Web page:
PRO-C3-levels in patients with HIV/HCV-Co-infection reflect fibrosis stage and degree of portal hypertension

PLoS One. 2014 Sep 29;9(9):e108544. doi: 10.1371/journal.pone.0108544. eCollection 2014.


Background: Liver-related deaths represent the leading cause of mortality among patients with HIV/HCV-co-infection, and are mainly related to complications of fibrosis and portal hypertension. In this study, we aimed to evaluate the structural changes by the assessment of extracellular matrix (ECM) derived degradation fragments in peripheral blood as biomarkers for fibrosis and portal hypertension in patients with HIV/HCV co-infection.

Methods: Fifty-eight patients (67% male, mean age: 36.5 years) with HIV/HCV-co-infection were included in the study. Hepatic venous pressure gradient (HVPG) was measured in forty-three patients. The fibrosis stage was determined using FIB4 -Score. ECM degraded products in peripheral blood were measured using specific ELISAs (C4M, MMP-2/9 degraded type IV collagen; C5M, MMP-2/9 degraded type V collagen; PRO-C3, MMP degraded n-terminal propeptide of type III collagen).

Results: As expected, HVPG showed strong and significant correlations with FIB4-index (rs = 0.628; p = 7*10-7). Interestingly, PRO-C3 significantly correlated with HVPG (rs = 0.354; p = 0.02), alanine aminotransferase (rs = 0.30; p = 0.038), as well as with FIB4-index (rs = 0.3230; p = 0.035). C4M and C5M levels were higher in patients with portal hypertension (HVPG>5 mmHg).

Conclusion: PRO-C3 levels reflect liver injury, stage of liver fibrosis and degree of portal hypertension in HIV/HCV-co-infected patients. Furthermore, C4M and C5M were associated with increased portal pressure. Circulating markers of hepatic ECM remodeling might be helpful in the diagnosis and management of liver disease and portal hypertension in patients with HIV/HCV coinfection.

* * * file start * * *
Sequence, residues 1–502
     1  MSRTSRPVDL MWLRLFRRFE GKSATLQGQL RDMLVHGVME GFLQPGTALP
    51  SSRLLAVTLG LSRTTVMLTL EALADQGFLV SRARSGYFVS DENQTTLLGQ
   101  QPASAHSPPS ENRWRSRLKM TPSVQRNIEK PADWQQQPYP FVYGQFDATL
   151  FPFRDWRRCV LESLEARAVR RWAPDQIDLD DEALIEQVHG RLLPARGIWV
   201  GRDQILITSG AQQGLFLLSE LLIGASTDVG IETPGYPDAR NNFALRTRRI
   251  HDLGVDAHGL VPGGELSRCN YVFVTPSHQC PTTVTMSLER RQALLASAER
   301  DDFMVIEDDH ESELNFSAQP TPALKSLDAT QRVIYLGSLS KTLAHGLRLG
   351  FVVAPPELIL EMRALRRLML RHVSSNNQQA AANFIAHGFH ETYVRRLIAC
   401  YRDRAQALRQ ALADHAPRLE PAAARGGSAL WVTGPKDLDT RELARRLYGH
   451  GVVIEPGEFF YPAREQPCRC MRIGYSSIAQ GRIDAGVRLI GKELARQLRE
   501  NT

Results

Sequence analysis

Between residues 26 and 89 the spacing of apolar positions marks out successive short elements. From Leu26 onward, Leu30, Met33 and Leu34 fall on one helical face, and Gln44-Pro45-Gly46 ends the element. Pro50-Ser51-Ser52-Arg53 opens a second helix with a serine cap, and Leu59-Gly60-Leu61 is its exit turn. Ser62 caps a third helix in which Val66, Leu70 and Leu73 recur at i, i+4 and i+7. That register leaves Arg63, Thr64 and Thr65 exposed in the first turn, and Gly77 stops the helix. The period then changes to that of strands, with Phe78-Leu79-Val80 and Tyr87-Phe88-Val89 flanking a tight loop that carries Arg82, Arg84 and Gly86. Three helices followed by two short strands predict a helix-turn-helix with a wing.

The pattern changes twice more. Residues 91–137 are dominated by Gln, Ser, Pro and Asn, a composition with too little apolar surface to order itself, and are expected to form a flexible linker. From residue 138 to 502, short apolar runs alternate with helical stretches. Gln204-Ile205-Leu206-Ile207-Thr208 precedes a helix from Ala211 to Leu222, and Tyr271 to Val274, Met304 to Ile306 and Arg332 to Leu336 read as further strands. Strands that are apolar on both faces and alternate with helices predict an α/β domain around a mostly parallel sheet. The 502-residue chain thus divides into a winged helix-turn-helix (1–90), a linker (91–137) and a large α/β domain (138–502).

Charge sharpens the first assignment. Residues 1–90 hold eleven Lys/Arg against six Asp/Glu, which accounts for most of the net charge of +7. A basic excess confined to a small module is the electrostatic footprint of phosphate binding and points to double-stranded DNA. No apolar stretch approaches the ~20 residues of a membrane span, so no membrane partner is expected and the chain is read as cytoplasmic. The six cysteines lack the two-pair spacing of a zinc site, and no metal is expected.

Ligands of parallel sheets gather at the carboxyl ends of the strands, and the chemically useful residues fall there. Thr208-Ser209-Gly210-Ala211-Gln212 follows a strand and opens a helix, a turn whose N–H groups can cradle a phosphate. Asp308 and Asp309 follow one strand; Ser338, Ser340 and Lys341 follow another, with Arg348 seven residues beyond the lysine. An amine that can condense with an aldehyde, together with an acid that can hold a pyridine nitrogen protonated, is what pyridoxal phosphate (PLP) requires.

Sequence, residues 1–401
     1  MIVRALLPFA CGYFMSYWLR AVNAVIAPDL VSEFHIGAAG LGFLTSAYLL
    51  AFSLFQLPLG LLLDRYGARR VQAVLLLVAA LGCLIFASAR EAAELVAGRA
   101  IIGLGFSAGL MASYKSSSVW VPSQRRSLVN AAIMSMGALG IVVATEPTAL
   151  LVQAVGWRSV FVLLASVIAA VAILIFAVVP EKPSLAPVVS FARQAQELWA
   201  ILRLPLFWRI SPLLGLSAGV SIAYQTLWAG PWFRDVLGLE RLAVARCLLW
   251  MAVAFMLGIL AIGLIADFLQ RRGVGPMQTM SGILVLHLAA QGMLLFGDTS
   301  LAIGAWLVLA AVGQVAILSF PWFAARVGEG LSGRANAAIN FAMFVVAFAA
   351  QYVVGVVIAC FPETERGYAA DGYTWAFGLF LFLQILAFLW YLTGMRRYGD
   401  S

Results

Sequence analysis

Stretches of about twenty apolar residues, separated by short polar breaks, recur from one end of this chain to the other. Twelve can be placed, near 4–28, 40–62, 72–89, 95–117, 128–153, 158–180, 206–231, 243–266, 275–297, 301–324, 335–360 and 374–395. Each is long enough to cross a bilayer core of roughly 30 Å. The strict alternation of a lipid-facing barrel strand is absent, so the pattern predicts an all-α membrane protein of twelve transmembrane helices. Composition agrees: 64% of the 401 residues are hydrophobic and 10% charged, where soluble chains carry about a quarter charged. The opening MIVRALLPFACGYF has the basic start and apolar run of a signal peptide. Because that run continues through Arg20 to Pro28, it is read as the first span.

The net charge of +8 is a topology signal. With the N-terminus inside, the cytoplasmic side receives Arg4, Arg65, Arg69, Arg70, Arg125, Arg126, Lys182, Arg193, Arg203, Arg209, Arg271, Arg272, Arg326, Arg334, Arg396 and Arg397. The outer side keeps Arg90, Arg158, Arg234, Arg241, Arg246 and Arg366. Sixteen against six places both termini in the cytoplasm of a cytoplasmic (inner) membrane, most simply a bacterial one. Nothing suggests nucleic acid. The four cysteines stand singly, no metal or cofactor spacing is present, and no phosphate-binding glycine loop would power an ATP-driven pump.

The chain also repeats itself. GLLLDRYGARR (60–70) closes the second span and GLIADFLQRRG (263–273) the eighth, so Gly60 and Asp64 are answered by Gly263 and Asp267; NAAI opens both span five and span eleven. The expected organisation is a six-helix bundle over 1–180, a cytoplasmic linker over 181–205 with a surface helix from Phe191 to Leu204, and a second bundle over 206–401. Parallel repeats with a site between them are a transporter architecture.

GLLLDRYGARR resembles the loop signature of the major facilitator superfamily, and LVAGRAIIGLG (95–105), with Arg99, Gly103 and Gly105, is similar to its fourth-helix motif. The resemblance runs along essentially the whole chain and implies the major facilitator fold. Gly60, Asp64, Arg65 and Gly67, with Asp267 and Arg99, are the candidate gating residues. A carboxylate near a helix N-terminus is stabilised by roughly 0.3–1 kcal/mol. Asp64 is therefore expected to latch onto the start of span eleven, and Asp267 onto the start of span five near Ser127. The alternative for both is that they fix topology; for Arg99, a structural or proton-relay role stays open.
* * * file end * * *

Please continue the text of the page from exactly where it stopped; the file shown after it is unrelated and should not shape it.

Publication types

  • Research Support, Non-U.S. Gov't

MeSH terms

  • Adult
  • Alanine Transaminase / blood
  • Coinfection / blood
  • Coinfection / immunology
  • Complement C3 / immunology*
  • Complement C4 / immunology
  • Complement C5 / immunology
  • Extracellular Matrix / pathology
  • Female
  • HIV Infections / blood*
  • HIV Infections / immunology
  • Hepatitis C, Chronic / blood*
  • Hepatitis C, Chronic / immunology
  • Humans
  • Hypertension, Portal*
  • Liver / injuries
  • Liver Cirrhosis / blood*
  • Liver Cirrhosis / immunology
  • Male
  • Middle Aged
  • Portal Pressure
  • Retrospective Studies
  • Young Adult


  • Complement C3
  • Complement C4
  • Complement C5
  • Alanine Transaminase

Grants and funding

This work was supported by: 1. Deutsche Forschungsgemeinschaft (SFB TRR57 P18 to Jonel Trebicka); 2. J. & W. Hector-Foundation (to Jonel Trebicka); 3. unrestricted research grants from Roche Austria (to Markus Peck-Radosavljevic); 4. MSD Austria (to Markus Peck-Radosavljevic); 5. DZIF TTU HIV Project 05.803; 6. German Center for Infection Research (DZIF); 7. Danish Science Foundation; and 8. Danish Ministry of Science and Technology. The funders had no role in study design, data collection and analysis, decision to publish, or preparation of the manuscript.